Recently, there was a little-noticed gathering of graybeards in Oklahoma, designed to place the political world on notice that things have gotten too partisan. I say little-noticed because, while the collected firepower in the room was sufficient to garner some approving mentions in the press, especially from the hand-wringing contingent, the statement issued by this group appears to have come and gone without leaving much in the way of ripples. Good thing, too.
Long ago, I led an initiative of which the Oklahoma summit would no doubt approve. Armed with hundreds of thousands of dollars from a foundation, I spent multiple election cycles trying to get opposing candidates to agree to simple ground rules for their campaigns and then stick to them. From my vantage point now, with no vested interest, I can say that in all honesty we had almost no success. Of course, we trumpeted battles won and progress made, and built an impressive book of press clipping — and we did so in sufficient volume to get investment from other foundations too.
Still, when all was said and done, the chief bit of learning from this lengthy effort is that candidates’ campaigns are not interested in “fighting fair” or working in “bipartisan” ways. They are interested in winning, so their candidate can then go on to govern.
It may be true that I just botched the job and someone else would have led the project to bipartisan glory. But I was not alone in my efforts. Across the nation in the late 1990s, well-meaning nonprofit organizations have tried to change the way election campaigns seemed to be going. For every small victory (a public financing system here, or an instant-runoff voting system there), there were far greater setbacks.
I’ve come to believe that, by and large, people are not interested in “bipartisan” approaches to “solutions” to our nation’s “problems.” They are interested in having the feeling that they are being led and led well, by someone who cares about their concerns and will honestly do their best. This was the political genius of Bill Clinton and of the team behind George W. Bush. They made 50% plus one feel that way.
By contrast, this is something that the technocrats who have spent long years in the halls of power do not seem to understand. Having made policy for so long, they apparently believe that ordinary Americans want solutions, when what they want is leadership. This was the failure of Senators Kerry and Dole, who in retrospect seemed to be applying for a job in government rather than fighting to lead a nation.
People who do a lot of thinking about democracy are worried sick about things these days. They see a hyperpartisan landscape that has choked government’s ability to act. They see an electoral system that favors style over substance. They see mean-spirited campaigns filled with veiled (and not-so-veiled) name-calling. They see a primary schedule run amok, with a yearlong presidential campaign already underway.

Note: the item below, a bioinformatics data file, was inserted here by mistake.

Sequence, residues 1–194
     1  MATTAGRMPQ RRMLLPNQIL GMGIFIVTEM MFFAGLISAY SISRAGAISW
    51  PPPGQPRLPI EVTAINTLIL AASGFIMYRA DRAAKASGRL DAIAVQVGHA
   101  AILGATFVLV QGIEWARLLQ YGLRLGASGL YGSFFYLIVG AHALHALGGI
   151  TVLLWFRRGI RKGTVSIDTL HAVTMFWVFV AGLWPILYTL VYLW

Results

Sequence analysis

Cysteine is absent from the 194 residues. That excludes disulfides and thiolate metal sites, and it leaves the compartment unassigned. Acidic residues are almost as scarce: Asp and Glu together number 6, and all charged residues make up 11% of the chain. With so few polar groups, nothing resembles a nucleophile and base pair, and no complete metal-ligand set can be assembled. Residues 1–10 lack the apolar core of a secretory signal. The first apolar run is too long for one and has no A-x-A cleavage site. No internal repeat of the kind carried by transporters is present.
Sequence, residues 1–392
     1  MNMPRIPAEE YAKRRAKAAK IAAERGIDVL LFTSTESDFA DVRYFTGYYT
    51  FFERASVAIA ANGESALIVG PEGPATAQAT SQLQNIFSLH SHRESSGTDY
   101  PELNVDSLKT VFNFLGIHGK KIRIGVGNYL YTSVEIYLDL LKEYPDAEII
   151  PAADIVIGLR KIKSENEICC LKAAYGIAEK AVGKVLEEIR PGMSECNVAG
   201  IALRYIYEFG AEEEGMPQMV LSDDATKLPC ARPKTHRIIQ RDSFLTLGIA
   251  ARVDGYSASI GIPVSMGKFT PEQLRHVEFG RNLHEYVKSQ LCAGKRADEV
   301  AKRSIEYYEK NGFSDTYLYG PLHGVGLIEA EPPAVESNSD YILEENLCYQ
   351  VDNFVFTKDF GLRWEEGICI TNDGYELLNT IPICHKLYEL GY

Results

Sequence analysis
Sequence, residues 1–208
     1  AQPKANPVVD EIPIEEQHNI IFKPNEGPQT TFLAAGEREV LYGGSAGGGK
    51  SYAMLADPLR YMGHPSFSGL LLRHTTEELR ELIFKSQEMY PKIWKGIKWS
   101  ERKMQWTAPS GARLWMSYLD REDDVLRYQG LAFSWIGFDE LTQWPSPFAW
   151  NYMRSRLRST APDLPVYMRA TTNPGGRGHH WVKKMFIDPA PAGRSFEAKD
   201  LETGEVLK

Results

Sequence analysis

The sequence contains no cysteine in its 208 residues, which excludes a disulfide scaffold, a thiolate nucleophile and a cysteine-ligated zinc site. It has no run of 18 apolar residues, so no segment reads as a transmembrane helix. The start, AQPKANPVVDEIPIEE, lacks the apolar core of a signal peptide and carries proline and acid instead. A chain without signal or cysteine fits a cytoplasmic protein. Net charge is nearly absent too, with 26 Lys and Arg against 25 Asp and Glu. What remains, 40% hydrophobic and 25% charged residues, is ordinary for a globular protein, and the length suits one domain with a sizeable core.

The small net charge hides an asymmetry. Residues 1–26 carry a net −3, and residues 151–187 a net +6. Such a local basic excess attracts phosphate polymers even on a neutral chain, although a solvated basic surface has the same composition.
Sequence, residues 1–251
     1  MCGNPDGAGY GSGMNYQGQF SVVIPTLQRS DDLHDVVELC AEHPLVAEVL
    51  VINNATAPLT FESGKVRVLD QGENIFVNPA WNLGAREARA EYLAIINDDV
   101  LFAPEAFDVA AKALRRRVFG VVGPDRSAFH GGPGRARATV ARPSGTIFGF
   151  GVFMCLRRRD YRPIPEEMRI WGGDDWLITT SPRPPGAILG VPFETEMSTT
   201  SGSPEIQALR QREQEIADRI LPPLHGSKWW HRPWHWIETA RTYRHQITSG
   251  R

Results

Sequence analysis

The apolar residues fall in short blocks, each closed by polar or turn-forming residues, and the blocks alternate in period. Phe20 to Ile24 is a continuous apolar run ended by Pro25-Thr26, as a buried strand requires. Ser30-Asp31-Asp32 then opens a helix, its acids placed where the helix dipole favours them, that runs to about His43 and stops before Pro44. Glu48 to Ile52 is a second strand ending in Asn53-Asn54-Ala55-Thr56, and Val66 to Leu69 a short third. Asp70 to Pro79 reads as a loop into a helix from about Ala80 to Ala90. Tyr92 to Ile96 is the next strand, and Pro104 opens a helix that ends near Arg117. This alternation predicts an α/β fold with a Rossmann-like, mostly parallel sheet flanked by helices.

But I see a system that has responded well to the desires of the ordinary Americans who do not tune into C-SPAN and care little about the full text of White House press conferences. This is an America that mistrusts a government that “acts,” and instead bases any number of day-to-day decisions on an intuitive sense of “style” (I do not mean fashion), and that appreciates a good fight.
At the end of our early primary season, we will have two candidates poised to do their best to convince us that they, and not their opponent, will lead us best. And people will decide — some by reading the white papers, but more by listening to the repeated sound bites.
Those sound bites and bumper stickers and slogans say more than the concerned would care to admit.
Long ago, I stopped “attending films” and instead decided that I preferred to “go to the movies.” Around that time, I stopped basing my cinematic decisions on reviews but instead used movies’ own advertising to influence whether I would see a particular show. After all, a lot of thought goes into deciding just what aspect of a movie to highlight, in order to drive audiences. You can get a pretty good idea of whether you want to see something by reading its ad. My grand experiment has by and large worked very well. Even with the dogs (and there are a few), I am rarely surprised by what I get.
This is what the presidential candidates are trying to do. So far, they have done a pretty good job and the choices that I — along with the nation — face are clear. Each party has a small handful of competing directions and will choose from among them. Those two will battle it out.
I hope they really go at it.
Brad Rourke writes a column on public life called Public Comments, produces an occasional videolog called Taxonomies, is a founder of the Maryland neighborhood blog, Rockville Central, and is in a band called The West End.